"Any bill we pass must improve jobs wages and security for American citizens - the people who elected us", President Trump said.
But Trump also added, "There are large areas where you don't need a wall". Recently, however, he has positioned himself as cheerleader-in-chief for Dreamers, as in this September 14 tweet: "Does anybody really want to throw out good, educated and accomplished young people who have jobs, some serving in the military?"
President Trump on Thursday referred to African nations as "s***hole countries" during a meeting on immigration with a bipartisan group of senators, according to a Democratic aide and another person familiar with the conversation.
Second-ranking Senate Democrat Dick Durbin of IL released a joint statement by the six Senate negotiators - three Republicans and three Democrats - that said their plan addresses Trump's insistence on addressing border security, limits to family priority in immigration and an end to a visa lottery to promote diversity.
Trump announced in September that he meant to end the DACA program, which protects some 800,000 young illegal immigrants from deportation.
"This is not a comprehensive immigration reform bill - the president and others yesterday at the White House said that there would be further phases", Goodlatte said in Wednesday's conference.
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Trump, who purportedly questioned Thursday why people from "shithole countries" wanted to emigrate to the United States, asked Congress to create a immigration bill in exchange for funding for the border wall.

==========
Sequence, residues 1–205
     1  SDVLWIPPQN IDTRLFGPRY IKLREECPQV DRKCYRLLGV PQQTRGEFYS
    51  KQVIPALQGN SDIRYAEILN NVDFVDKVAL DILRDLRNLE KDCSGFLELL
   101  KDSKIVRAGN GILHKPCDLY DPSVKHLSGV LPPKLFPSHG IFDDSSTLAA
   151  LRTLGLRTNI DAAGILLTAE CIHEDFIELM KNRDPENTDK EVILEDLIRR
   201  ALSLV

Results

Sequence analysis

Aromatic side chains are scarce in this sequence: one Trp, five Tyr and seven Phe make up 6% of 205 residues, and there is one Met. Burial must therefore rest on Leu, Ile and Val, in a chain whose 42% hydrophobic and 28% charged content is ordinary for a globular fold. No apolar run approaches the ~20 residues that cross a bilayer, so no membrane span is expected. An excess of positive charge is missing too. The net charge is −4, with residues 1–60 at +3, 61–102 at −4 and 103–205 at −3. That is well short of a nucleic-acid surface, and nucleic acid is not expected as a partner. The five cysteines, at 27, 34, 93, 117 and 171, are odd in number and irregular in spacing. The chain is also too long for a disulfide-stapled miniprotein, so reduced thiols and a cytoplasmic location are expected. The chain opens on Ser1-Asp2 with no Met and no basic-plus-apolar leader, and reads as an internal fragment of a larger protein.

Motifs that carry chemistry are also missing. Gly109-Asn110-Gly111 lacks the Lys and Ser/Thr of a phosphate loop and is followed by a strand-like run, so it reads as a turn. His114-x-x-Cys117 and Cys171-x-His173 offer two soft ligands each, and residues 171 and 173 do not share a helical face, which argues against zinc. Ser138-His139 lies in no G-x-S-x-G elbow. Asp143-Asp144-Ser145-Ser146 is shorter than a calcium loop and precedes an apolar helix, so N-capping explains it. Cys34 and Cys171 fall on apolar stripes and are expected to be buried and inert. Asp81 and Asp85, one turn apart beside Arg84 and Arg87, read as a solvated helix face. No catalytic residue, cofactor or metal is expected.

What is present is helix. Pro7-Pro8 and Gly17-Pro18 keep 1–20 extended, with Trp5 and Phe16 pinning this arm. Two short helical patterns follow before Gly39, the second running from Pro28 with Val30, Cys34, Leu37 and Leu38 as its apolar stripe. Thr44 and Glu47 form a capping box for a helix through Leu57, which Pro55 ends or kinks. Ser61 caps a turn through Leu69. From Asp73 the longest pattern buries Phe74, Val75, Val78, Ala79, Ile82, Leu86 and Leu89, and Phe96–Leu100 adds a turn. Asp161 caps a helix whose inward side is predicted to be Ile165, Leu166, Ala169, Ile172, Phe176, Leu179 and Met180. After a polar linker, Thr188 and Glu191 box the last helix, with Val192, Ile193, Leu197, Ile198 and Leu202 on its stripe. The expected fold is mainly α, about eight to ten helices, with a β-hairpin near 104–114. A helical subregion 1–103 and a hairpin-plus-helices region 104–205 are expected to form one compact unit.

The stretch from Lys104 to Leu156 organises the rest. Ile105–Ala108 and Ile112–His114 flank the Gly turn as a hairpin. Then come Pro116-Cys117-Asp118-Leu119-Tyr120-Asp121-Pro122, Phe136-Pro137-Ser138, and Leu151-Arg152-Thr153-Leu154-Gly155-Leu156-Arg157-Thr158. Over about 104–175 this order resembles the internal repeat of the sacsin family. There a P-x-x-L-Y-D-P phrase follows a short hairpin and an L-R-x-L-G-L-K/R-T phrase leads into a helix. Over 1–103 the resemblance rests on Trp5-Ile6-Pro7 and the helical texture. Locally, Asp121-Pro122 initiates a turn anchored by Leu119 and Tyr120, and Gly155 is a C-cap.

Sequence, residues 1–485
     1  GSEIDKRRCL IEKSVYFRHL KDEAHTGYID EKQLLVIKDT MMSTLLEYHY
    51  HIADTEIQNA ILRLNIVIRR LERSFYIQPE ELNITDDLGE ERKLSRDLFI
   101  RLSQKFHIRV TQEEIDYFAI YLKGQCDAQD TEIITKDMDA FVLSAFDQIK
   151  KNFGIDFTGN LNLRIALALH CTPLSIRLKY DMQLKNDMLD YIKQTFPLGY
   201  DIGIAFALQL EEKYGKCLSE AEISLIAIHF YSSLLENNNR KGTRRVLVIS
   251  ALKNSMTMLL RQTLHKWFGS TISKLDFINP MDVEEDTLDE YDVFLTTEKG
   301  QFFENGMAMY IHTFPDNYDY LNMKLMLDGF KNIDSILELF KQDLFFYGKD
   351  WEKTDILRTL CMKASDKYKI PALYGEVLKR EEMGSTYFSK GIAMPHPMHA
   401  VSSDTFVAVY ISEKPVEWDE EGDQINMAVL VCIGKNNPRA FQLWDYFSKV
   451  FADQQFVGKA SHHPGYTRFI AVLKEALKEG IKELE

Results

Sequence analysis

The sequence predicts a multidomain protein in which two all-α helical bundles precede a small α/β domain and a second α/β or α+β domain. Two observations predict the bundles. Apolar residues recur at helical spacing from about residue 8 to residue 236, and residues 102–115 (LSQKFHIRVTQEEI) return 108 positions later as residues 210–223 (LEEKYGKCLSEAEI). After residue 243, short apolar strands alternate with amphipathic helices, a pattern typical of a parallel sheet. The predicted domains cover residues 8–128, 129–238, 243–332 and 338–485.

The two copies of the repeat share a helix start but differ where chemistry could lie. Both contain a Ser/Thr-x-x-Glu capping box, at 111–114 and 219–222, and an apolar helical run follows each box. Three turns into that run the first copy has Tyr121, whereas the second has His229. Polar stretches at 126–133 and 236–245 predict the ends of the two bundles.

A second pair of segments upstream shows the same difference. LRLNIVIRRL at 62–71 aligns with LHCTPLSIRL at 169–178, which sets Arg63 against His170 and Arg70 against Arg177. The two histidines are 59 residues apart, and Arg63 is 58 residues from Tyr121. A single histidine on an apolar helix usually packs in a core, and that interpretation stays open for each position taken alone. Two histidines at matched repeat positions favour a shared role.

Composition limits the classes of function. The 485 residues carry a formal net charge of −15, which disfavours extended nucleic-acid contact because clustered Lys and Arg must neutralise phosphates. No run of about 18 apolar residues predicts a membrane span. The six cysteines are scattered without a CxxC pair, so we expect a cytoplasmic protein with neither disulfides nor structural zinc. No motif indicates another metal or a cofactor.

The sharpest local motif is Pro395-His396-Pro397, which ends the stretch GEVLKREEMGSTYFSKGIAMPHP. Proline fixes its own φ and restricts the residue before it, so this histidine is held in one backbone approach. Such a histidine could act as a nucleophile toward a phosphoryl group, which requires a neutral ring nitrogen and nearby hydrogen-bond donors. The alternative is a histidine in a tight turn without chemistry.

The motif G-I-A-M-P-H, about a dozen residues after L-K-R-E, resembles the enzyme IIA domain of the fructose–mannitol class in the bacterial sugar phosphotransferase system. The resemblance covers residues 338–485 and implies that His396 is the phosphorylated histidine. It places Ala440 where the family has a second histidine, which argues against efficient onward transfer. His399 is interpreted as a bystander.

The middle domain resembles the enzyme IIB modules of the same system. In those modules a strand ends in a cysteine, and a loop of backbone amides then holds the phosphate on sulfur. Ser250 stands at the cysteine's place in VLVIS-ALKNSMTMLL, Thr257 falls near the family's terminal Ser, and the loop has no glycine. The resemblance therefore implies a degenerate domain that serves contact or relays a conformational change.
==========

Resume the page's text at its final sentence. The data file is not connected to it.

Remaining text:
For that, he has his critics.
"I was at the White House talking about what I thought was a bipartisan proposal", Graham said following the meeting.
The Republican-run House needs only a majority. "Hopefully they'll eventually come together", Thune said.
"You're playing with people's lives". Some lawmakers of both parties are pushing for a legislative fix to be part of the deal for Democratic support of a spending package that must be passed by January 19 to keep most of the government operating. Sessions' decision would have put almost 800,000 DACA recipients (or, "Dreamers") in danger of deportation as soon as March 5.
"We saw a small window of opportunity that perhaps this could be resolved", said Rep. Adriano Espaillat, D-NY, a member of the Foreign Relations Committee.